Thursday, January 15, 2009

Church at Christ of the Desert

The Church

“In America there is no monastic foundation which has found so perfect a desert setting as that of the Chama Canyon, in New Mexico, where the small Benedictine Monastery of Christ in the Desert now stands. “ –Thomas Merton, 1968.

The Monastery emerges at the end of a 13 mile dirt road, dissolving into the rock and brush of the canyon. The buildings appear deceptively simple, in red adobe to match the red rock spires of the surrounding outcroppings. The Church, designed by Japanese architect George Nakashima, fits starkly into soaring rocks but remains the stately center of monastic life at this magnificent place. Its soaring clerestory windows capture views of light, blue sky, red rocks, and sometimes the birds circling on thermals with wind-swept wings.

A few, but precious, religious artifacts adorn the Church’s walls. Mostly, its beauty presses on you from the vaulting clerestory. Local monks had just repainted the sacristy, which holds the consecrated host, and seeks to represent the diversity of the monks living there. The fragrance of incense lingers in the air, and probably permeates the stucco of the walls. A small wood-burning stove keeps the high-desert chill at bay in the area’s cold winter months. Three of its four short wings is filled with chairs: two opposing sides seat the monks, and one side the visitors and pilgrims. A large square altar fills the central space, with lecterns at two corners and an electronic keyboard at a third. Fresh flowers, arranged by one of the Asian monks, graces the space at the altar’s front.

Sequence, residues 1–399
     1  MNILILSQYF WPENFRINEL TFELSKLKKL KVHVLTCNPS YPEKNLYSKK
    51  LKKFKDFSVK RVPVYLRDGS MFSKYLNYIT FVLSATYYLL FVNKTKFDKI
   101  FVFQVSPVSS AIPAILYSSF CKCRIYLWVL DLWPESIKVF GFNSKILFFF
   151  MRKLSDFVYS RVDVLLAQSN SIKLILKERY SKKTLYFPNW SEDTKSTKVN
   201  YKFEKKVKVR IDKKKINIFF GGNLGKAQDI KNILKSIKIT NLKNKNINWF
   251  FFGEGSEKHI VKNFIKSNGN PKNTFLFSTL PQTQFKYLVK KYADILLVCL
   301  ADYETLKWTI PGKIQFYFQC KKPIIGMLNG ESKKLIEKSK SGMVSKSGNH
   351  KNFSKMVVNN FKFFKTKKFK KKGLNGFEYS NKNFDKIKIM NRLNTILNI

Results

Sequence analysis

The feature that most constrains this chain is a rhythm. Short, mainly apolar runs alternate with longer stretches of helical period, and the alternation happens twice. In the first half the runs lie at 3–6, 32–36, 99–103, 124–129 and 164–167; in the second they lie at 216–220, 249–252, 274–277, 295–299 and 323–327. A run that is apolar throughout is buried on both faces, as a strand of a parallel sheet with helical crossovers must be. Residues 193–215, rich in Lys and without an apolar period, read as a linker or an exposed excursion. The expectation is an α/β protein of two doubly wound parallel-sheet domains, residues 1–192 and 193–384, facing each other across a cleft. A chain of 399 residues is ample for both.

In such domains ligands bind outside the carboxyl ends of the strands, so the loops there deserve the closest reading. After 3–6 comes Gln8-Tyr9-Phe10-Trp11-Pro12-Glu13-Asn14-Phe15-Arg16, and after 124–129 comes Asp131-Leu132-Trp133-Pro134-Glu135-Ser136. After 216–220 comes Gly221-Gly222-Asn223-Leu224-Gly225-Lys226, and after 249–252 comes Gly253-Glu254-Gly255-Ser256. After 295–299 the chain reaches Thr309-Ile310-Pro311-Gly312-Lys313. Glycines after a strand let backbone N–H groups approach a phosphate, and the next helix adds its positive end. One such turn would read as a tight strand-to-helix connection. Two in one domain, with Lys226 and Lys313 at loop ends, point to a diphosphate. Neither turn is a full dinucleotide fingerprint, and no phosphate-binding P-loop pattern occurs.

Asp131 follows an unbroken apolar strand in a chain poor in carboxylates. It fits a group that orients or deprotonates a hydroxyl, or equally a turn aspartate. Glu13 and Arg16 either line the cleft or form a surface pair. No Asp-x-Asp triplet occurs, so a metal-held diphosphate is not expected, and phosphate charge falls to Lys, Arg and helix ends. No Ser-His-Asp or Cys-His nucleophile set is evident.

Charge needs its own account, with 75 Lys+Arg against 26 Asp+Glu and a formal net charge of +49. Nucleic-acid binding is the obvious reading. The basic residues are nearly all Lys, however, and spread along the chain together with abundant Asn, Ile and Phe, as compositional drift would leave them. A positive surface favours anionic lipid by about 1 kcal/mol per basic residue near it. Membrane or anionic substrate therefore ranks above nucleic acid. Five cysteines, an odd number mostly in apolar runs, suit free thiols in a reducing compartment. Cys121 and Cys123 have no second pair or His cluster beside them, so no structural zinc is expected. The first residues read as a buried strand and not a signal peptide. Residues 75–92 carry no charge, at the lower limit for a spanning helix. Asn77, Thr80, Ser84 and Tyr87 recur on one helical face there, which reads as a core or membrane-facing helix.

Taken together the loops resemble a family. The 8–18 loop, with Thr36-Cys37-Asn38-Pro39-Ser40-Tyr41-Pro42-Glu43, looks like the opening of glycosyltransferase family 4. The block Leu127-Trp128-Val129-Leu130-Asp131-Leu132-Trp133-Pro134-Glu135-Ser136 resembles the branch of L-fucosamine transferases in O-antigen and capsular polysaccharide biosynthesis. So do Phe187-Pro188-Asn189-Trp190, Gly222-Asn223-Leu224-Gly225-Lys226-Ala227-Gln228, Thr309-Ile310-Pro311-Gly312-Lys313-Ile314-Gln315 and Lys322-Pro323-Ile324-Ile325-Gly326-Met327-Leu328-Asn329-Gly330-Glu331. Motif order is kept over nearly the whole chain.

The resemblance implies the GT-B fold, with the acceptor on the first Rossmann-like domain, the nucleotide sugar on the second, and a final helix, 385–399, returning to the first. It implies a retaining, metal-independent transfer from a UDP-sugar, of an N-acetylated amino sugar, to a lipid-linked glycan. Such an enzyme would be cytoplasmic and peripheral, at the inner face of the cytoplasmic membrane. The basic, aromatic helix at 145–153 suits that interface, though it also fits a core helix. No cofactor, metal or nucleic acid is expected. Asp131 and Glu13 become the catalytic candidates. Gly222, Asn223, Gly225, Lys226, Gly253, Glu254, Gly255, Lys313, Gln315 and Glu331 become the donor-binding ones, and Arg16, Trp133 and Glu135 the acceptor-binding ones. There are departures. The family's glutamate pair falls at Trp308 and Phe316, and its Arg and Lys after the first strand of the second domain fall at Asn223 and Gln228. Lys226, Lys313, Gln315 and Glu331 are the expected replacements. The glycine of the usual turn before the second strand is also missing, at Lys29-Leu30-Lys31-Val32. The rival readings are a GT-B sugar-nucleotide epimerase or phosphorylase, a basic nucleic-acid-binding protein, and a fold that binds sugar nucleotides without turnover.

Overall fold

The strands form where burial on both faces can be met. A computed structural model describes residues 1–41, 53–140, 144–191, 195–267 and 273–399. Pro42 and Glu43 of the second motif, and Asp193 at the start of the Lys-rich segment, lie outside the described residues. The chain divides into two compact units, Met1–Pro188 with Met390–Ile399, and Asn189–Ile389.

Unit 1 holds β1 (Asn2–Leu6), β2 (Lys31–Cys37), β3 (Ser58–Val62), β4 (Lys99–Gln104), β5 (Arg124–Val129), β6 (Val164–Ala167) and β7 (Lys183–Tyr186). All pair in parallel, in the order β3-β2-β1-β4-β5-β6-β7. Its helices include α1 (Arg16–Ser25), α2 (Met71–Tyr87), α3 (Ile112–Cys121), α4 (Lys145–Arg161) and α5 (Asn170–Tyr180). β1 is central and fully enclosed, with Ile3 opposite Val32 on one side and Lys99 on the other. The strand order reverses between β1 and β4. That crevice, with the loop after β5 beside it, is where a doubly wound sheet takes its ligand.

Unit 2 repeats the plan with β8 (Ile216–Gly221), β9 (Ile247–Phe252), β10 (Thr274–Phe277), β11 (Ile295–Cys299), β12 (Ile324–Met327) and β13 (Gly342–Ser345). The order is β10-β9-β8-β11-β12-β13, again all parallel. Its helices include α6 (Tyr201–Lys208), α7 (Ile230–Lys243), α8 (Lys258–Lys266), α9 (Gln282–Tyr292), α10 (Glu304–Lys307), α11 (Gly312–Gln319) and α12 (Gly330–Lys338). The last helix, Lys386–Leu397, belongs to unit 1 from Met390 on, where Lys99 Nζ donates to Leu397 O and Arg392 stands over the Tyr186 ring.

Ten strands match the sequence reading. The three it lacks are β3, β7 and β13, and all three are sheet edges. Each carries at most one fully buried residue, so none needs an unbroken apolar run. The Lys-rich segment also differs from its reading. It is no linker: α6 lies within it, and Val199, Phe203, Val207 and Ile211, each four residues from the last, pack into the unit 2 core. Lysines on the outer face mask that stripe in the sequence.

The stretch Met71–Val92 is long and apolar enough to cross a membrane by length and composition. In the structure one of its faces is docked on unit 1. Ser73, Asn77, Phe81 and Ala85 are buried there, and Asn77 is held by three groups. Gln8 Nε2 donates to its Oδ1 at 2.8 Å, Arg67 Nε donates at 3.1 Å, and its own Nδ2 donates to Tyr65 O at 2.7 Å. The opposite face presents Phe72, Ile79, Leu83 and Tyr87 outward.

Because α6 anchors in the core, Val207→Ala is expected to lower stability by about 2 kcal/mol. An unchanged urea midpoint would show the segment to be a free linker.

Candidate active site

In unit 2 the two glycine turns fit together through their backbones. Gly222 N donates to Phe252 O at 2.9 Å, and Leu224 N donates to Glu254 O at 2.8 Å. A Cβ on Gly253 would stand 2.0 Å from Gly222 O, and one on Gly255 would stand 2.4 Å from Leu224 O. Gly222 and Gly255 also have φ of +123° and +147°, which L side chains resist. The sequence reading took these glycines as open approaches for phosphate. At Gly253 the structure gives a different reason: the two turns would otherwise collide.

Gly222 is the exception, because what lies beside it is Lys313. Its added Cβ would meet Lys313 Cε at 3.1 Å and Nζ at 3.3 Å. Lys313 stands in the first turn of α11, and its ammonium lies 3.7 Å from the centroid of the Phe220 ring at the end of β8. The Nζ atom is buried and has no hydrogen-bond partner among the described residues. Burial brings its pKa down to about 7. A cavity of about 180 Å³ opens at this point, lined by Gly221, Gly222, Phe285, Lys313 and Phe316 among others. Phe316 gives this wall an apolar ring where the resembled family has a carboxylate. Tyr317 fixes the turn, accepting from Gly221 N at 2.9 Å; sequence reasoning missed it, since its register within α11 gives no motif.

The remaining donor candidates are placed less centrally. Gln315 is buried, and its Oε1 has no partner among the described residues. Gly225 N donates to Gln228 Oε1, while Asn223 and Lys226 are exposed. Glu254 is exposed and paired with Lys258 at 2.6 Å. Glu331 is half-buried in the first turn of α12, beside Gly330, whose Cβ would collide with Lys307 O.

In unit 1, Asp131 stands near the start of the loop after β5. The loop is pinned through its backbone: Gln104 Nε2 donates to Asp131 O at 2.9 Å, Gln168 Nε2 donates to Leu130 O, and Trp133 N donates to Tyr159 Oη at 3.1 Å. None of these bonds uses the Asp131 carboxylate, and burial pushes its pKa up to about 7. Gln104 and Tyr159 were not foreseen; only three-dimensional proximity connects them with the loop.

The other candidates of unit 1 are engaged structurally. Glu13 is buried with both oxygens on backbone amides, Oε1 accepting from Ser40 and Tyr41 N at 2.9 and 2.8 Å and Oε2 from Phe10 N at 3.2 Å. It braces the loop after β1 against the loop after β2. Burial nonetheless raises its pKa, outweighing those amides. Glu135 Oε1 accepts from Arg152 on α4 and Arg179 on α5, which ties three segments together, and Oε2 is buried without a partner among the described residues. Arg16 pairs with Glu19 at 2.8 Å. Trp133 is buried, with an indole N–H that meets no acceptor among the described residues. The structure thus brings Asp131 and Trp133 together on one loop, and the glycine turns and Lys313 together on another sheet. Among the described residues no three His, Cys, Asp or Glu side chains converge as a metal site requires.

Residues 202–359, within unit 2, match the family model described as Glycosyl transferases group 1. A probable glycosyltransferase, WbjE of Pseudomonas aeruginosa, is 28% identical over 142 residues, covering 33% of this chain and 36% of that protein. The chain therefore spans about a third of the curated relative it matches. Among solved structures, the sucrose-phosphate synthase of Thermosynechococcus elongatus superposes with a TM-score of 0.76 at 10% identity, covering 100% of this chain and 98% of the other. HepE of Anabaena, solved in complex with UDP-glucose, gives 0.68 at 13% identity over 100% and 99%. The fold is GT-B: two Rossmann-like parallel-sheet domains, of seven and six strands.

The Church’s front entry is made up of two large, carved doorways. These provide entry for the visitors since monks enter from their quarters at the back. Monasteries have long been places of hospitality and guests are invited to join the monks at any of their prayers, songs, or masses. Programs are provided, along with brief instructions, so that even those complete newcomers will feel at home. Traditional Gregorian Chant at this Monastery is mostly in English, but some masses were completely in Latin (with English translation on the side). The Chant is sung slowly on a single staff, which limits the variety of notes, and generally without harmony. I am told that the harmonic music one finds in some monasteries is Byzantine, but that only the older, more traditional Gregorian Chant is sung at Christ of the Desert. Interestingly, Chant continues to be written here—with specially designed computer programs.

Monastic life is ordered around the eight set times of daily prayer, beginning here at 4 a.m. with Vigils and ending at 7:30 p.m. with Compline. This schedule of prayer is called “The Divine Office” and is interspersed with times of work, study, recreation, and meals to create a designed balance. In addition to the shared, chanted prayers, monks are also expected to spend private time in personal prayer and scripture study. The lifestyle values prayer, silence, simplicity, liturgy, hospitality, community, and care for the poor. In addition to Scripture, it follows the Rules of St. Benedict, laid down in the Sixth Century.

No comments: